Staying Put: After a week in Doolin, the lifestyle of song and drink takes hold.

By Ambrose Clancy
Special to The Washington Post
Sunday, July 13, 2003

One of the strongest themes in Irish culture and literature is itchy feet, getting up and out, or being forced to. The tale of the wanderer, the rambler, the gambler, a long way from home and if you don't like me then leave me alone, was presented by traveling poets with harps slung across their backs for the pleasures of lords and ladies or, if that gig fell through, the pub or the fireside. Stephen Daedalus's and Leopold Bloom's day- and night-long odyssey is simply the logical conclusion to the earliest Irish poetry.

Ireland is perfect for a ramble, but it is just as hospitable to the traveler who finds one place, settles in, unpacks and doesn't think of a suitcase for a week or 10 days, and comes to know a village, town or county.

I go to Ireland about once a year, ever since I spent two years there in another lifetime. Part of that stay was a winter in a house on a cliff overlooking the Atlantic in Lahinch, County Clare. Coming back, I usually spend just a day or two in Clare, then hit the road. But recently I went for a week, checking into a hotel sitting in the shadow of a Norman castle above the village of Doolin. My winter in the area years before had been happy, I made friends I'll keep forever, but I never got to know the place really, spending my time mainly in a small room with imaginary characters. This time around I'd listen to music, stay up late, sleep in and just be in the place.

Doolin is what the locals call a "linear village," an archipelago of houses scattered across the hills facing the surf-battered coast. The colors of the houses are startling: vermilion, Popsicle purple, blinding blue, electric green. On my first afternoon there, the barman at O'Connor's pub gave me his theory on the manic choices of paint while my pint settled. "We're a people who delight in color, from the ancient Celts on down, but history made a bollix of Ireland, with people so starvin' poor they could only afford a bit of whitewash and some old thatch. To tart up your house to look like a bloody disco says you've got the scratch to show your true colors, if I may coin a phrase."

O'Connor's is the Carnegie Hall for traditional Irish music, with people from all over the world coming to hear and play it. A cavernous place, with slot machines in a corridor outside the bathrooms, it's packed seven nights a week. A treat is to watch the staff circulating through every hour to collect empty pint glasses, stacking them one inside the other, creating four-foot-long glass tubes resting on their shoulders. At the center, near the short bar, is a cushioned pit, with a sign reading "Reserved for Musicians."

Watching a young fellow change instruments one night on each tune, playing a guitar, a fiddle, a mandolin, a banjo and then a bouzouki, I thought again of those harp-playing poets and the gift the Irish have for any stringed instrument.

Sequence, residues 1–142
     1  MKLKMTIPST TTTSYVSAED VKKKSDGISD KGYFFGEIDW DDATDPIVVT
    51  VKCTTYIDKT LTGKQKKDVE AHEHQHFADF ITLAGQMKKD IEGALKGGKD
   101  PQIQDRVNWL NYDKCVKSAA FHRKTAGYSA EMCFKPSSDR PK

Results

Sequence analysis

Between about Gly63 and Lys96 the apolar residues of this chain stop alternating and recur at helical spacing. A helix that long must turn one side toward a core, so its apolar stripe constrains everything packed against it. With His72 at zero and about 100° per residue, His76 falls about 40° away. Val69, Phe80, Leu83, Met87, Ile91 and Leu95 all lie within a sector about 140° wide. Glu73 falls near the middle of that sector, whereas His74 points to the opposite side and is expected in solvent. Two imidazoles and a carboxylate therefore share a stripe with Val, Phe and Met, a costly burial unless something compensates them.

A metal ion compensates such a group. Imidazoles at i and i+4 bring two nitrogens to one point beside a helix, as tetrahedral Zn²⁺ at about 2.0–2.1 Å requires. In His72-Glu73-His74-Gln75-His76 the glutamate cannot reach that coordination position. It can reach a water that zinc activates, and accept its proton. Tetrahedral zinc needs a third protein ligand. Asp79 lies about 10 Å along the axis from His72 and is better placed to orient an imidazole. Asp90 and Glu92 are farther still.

At McGann's one night, a young woman put down her flute and began to sing a cappella as the other musicians stared at the floor, concentrating on her otherworldly sound. Her soaring voice was as emotional and eerie as the Portuguese fado. This was sean-nós singing, and her passion stopped the hundred or so people in the pub still as statues. She sang in Irish, and when she had finished, my friend Aine translated one line: "I am without purpose since you went to the grave / Without courage, without sense -- a useless thing, blown on the wind."

In their songs, the Irish have a talent for grief but also a gift for the erotic, slyly concealed. A verse about a man practicing his trade of milling, grinding or plowing can bring smiles to the most innocent listener, but other symbols have to be explained, such as the use of the word "thyme" as a symbol of virginity.

There is also an insane wing of Irish music that I discovered late one night at the bar of the Royal Spa Hotel in Lisdoonvarna. Here was what the Irish call a "show band," a combination of traditional reels, demented Dixieland and oompah-pah played at warp speed on instruments from baritone saxophones to spoons. The musicians also were competing for most doofus-looking headgear, with the prize winner wearing a 10-gallon Stetson. A kid with a bouzouki slung across his back came in and stood at the door, checking out the scene of some people dancing, some people staggering around, and everyone happily shouting at one another over the din. I looked back and saw the bouzouki exiting the bar.

I asked my friend Tony Gavin why a Greek instrument now is part of almost every traditional band. "You're in luck," he said. "The greatest bouzouki player in the world is just up the road. Go to Custy's on Francis Street in Ennis and ask Eoin O'Neill."

Ennis, about 30 miles west of Doolin, is one of the great undiscovered market towns of western Ireland. On Saturdays, the narrow streets are jammed with people and the doors of the pubs are open so music is part of the street life. On a recent visit, a stage was set up at the top of O'Connell Street where girls step danced with faces as grave as the face of Daniel O'Connell, the Liberator, high above on a column, standing in his stone clothes, eternally looking out on the rain and rock of Clare.

I was happy to see the Saturday open-air market was still in session on Market Square, where you can buy clothes, produce, jewelry, plants, books, everything really, including livestock on some weekends. One man was extolling the virtues of his pony and was stopped by another man saying, "Well, I have me doubts now."

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